From Lost Duluth: Landmarks, Industries, Buildings, Homes, and the Neighborhoods in Which They Stood, copyright © 2011, Zenith City Press, Duluth, Minnesota. Image: Duluth Public Library.
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Since four unemployed young men opened a brewery in Portland Township in 1859, Duluth has been the home of a variety of manufacturing concerns. From Aroma Coffee to Zenith Broom, Duluthians tried their hand at just about everything. The Barsness Candy Company was the largest confectioner north of the Twin Cities, and the Ron-Fernandez Cigar Company introduced Cuban tobacco to the Upper Midwest. Puglisi Spaghetti Factory and Duluth Macaroni Company produced pasta while firms such as Elliott’s Meats and Vokoven Sausage Company provided protein. One of Duluth’s oldest manufacturers, Duluth Tent and Awning, is still in operation as Duluth Pack, and the DeWitt-Seitz Furniture Company lives on as the Happy Sleeper Mattress Company. Since cataloging all of Duluth’s lost manufacturers would take a book of its own, we’ve narrowed the pool to those Duluth concerns whose products enjoyed nationwide distribution and employed the most Duluthians and Superiorites.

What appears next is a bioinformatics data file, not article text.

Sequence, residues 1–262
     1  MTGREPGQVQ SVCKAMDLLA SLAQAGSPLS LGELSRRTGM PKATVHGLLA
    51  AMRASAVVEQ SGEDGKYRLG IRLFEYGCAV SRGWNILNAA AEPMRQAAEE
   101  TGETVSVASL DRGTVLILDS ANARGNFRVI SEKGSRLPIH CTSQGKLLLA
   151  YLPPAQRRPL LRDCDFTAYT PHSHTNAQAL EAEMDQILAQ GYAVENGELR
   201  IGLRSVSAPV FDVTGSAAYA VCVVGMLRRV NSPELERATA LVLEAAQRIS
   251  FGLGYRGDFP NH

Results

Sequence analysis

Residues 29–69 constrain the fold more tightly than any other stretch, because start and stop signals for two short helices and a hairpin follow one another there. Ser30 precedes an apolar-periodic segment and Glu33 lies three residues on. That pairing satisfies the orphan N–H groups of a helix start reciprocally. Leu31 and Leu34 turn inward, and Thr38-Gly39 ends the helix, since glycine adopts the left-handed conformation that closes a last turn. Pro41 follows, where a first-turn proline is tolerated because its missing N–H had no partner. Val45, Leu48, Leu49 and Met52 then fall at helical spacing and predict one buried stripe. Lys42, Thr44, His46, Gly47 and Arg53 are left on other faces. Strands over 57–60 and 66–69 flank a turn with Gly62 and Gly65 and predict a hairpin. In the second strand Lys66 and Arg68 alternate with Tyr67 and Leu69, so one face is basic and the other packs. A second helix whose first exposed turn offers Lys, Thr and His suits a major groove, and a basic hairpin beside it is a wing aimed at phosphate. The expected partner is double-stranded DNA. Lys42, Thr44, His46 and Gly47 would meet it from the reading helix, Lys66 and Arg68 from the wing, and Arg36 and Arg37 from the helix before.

E. G. Wallinder Sash and Door opened its own doors at Fifty-Ninth Avenue West and Main Street in 1889 as Duluth’s first manufacturer of windows, doors, mouldings, store fixtures, and a variety of metal work. By 1916 they had added buildings for planers, ripsaws, jigsaws, mortising machines, moulders, turning lathes, and polishers — along with storage sheds and a drying kiln — and the plant covered two city blocks. The company remained strong until 1944, when a fire in the paint shop spread to the entire facility. Forty-five-mile-an-hour winds fueled the flames, and the entire complex was lost. Wallinder later resumed operations in Superior. Duluth Steel Fabricators later built a plant on the site.